Saturday, February 27, 2016


Photographer Scott Van Osdol
    A week later, I still feel a catch in my throat each time I think back to the haunting music and imagery from the deeply moving performance of Considering Matthew Shepard that our family attended in Austin last week. It was the world premiere of this extraordinary oratorio, composed and conducted by Craig Hella Johnson, and performed by Conspirare, the 30-voice choral ensemble that he founded in 1991.   
     The piece was based on October Mourning: A Song for Matthew Shepard, an extraordinary book of poems written by Lesléa Newman, a noted author, poet and long-time friend of ours. She lives in Western Massachusetts, and we hadn't seen her since we were all scratching out a living on the Lower East Side of Manhattan in the 80's, so when she said she was coming to Austin for the premiere performance, we quickly said yes.
     Truthfully, I'm generally not a fan of big choral performances, and wasn't very eager to drive all the way to Austin to hear the famous, heart-breaking story of young Matthew Shepard's gruesome, gay-bashing death set to music. But Zet and I were eager to catch up with our friend, Lesléa, and it seemed like one of those important cultural events that we feel compelled to expose our teenager to periodically. Of course, Mateo didn't want to go but we played the "parent card," telling him (just like I told myself) that this was one of those cultural boundary-stretching events that we needed to see. Period.
     Little did I know how true that would turn out to be. Of course, the music itself was extremely well crafted and highly creative, as I'd expected, given Conspirare's worldwide acclaim and Craig Hella Johnson's fame as a composer/conductor. Moreover, the melodic adaptation of Lesléa's poetry was very lyrical and the staging was first rate, with a very restrained, but highly effective use of minimalist video projection, props and placement of the singers that really propelled the gut-wrenching tale forward in unexpected ways. But I'm a little embarrassed to admit that what got to me more than the artistry and production values was the fact that the lyrics often referred to the nineteen year-old Matthew Shepard as "Matt" - the same nickname often applied to our beloved, sixteen year-old son, Mateo.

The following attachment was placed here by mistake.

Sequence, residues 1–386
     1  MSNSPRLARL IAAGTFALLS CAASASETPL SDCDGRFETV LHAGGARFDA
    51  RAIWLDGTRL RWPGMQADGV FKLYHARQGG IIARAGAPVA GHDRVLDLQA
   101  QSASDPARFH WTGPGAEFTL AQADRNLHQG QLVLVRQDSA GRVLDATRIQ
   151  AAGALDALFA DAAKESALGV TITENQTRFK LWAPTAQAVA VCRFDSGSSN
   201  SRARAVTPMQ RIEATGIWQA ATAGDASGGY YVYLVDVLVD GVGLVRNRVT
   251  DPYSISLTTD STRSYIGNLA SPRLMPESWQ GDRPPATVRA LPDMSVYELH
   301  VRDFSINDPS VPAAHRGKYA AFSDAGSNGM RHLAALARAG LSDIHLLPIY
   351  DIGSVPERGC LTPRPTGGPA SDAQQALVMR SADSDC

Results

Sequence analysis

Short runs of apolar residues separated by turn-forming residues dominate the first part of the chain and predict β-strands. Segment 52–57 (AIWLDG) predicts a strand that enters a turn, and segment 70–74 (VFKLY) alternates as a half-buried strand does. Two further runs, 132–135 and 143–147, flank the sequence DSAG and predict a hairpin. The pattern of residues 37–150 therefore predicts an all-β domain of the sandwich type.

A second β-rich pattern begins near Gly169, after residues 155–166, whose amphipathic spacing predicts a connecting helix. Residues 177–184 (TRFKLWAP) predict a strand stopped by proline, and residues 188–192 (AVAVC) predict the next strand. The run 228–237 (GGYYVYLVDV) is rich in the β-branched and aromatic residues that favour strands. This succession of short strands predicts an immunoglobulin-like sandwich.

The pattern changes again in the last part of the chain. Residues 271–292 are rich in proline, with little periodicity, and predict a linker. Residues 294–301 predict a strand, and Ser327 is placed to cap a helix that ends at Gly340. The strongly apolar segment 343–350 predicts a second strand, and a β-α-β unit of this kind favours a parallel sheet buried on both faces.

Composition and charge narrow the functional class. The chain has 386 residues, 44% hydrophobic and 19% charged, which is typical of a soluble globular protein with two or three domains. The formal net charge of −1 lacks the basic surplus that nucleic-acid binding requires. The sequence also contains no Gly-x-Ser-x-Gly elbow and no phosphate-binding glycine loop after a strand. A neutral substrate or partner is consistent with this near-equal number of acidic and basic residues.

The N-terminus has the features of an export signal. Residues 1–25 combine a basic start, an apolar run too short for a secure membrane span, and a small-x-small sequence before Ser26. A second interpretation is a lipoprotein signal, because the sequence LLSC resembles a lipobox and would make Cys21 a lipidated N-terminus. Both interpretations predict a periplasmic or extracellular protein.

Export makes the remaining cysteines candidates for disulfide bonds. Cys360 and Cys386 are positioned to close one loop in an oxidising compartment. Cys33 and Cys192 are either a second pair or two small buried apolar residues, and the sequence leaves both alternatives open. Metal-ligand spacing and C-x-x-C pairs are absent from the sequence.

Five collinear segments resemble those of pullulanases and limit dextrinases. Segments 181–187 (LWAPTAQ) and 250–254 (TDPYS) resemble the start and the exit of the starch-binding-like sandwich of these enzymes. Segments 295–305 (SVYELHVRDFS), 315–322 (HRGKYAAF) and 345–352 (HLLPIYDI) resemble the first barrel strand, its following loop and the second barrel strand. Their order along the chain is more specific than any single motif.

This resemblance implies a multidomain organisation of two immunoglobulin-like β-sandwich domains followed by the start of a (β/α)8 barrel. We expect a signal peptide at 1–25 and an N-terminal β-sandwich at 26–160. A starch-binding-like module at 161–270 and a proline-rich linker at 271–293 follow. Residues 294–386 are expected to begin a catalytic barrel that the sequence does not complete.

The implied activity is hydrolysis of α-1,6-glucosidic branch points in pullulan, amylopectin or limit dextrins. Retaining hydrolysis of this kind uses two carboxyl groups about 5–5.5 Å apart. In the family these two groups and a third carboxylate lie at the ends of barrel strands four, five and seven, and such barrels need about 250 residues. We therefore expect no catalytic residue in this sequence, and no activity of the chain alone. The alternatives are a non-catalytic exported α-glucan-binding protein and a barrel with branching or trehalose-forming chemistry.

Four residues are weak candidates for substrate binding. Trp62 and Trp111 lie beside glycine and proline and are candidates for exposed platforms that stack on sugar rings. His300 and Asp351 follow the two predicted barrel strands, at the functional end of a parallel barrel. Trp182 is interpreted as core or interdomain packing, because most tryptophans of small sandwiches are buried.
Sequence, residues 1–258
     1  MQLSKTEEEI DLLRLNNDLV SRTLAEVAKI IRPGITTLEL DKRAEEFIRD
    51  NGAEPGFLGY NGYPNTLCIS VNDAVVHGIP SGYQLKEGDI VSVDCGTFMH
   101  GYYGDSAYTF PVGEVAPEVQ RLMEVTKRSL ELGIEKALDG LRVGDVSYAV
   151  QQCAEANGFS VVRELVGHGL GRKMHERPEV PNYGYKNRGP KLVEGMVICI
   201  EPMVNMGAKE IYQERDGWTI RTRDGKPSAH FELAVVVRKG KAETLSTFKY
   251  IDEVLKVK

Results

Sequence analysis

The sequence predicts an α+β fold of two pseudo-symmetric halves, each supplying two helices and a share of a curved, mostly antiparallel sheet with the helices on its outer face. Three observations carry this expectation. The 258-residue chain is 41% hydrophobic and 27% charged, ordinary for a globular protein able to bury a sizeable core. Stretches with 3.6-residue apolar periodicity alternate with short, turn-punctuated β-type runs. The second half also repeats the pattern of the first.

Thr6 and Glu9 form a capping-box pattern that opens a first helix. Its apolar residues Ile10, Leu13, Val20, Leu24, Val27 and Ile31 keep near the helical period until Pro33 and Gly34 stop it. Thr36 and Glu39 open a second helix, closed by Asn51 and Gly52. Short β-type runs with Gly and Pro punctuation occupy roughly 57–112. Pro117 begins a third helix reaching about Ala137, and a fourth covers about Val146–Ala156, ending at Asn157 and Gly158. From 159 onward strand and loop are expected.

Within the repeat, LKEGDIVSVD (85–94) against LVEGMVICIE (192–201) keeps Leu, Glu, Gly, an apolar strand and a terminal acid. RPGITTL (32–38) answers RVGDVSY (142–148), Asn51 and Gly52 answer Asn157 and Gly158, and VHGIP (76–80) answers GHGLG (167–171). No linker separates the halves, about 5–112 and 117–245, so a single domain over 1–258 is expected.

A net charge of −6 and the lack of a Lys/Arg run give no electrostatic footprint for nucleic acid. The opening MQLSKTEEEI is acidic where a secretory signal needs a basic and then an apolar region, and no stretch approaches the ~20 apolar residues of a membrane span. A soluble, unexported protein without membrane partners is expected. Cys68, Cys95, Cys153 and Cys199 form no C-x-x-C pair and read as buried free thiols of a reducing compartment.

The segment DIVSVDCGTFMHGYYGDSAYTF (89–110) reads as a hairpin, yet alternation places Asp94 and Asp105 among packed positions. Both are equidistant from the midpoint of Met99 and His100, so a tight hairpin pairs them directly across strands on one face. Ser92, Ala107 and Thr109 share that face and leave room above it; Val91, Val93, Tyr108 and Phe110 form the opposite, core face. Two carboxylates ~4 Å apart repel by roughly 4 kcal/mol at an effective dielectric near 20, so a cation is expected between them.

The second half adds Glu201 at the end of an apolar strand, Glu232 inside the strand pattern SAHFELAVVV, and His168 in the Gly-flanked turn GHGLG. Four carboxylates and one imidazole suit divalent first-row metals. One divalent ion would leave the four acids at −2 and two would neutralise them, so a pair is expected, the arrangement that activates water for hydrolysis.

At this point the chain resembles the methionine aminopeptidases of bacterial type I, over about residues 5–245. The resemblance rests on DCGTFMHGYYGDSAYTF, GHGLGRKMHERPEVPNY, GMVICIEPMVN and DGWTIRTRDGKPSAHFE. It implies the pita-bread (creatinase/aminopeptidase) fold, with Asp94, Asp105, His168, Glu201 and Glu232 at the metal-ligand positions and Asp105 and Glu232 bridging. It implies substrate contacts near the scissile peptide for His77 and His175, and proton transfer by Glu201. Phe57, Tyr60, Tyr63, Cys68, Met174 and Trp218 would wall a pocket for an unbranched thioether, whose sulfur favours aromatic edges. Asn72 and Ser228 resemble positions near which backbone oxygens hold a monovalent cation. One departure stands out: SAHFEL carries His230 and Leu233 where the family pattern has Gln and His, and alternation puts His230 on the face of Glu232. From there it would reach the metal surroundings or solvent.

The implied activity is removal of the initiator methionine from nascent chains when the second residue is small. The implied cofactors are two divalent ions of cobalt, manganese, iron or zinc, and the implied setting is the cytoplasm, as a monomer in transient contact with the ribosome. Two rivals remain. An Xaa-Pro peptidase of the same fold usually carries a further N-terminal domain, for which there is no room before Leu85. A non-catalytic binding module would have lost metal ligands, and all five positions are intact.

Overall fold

Listening to the oratorio unfold, it was all too easy to glance sideways at Mateo and imagine our kind, sensitive and compassionate son being confronted with hatred and cruelty some day. To remember how commonplace it is for free spirits like him to suffer at the hands of strangers, simply by being at the wrong place at the wrong time. And, yes, I was probably interjecting and/or projecting painful memories of some of my own past experiences in this realm.  But, stealing glimpses at Mateo's face from time to time, I saw that his misgivings about attending this show, too, had been melted away by the power of the story unfolding onstage. Unlike his mother and I, he never quite gave in to the tears welling up beneath his quivering temples, but he, too, was clearly moved by the magical, musical spell being cast by the singers and the songs.
     That's the power of great art: it opens our hearts to the full range of joys and sorrows, peace and pathos, uplift and anger we humans share, whoever we are, wherever we live. The fact is that a powerful live musical or theatrical performance, like the one we witnessed from Conspirare, has the unique capacity to draw audience members into the heart of the story, by drawing on the universal palette of human feelings, longings and short-comings. And in the case of Considering Mark Shepard, it provides us with palpable reminders of our aspirations, and inspires us to do what we can to move in the direction of our dreams - not just as individuals, but also as a people.
     As the echoes of Conspirare's masterful performance continue to resonate in my heart and mind, I find myself feeling a renewed sense of purpose as a writer, musician and spiritual director. At a time when the airwaves are increasingly being filled with the shrill voices of pundits and political candidates issuing dire warnings of eminent danger and urging us to protect ourselves from strangers, I choose to step up my efforts to create new songs and stories of peace, possibility and the power of Love. To celebrate our Oneness. And to elevate the conversation within the context of the Circle and beyond, as we find ways to learn, embrace and affirm the awareness that "We Are One."
With gratitude,  
PS: I invite you to join me in listening to the rebroadcast of the premiere performance of Considering Matthew Shepard on KMFA 89.5, this Sunday afternoon, February 28th at 3pm. I'm pretty sure you'll be glad you did. And if you know anyone in Los Angeles, let them know that tickets are still available for the second live performance tomorrow night, Saturday 2.27.2016. 

Saturday, February 20, 2016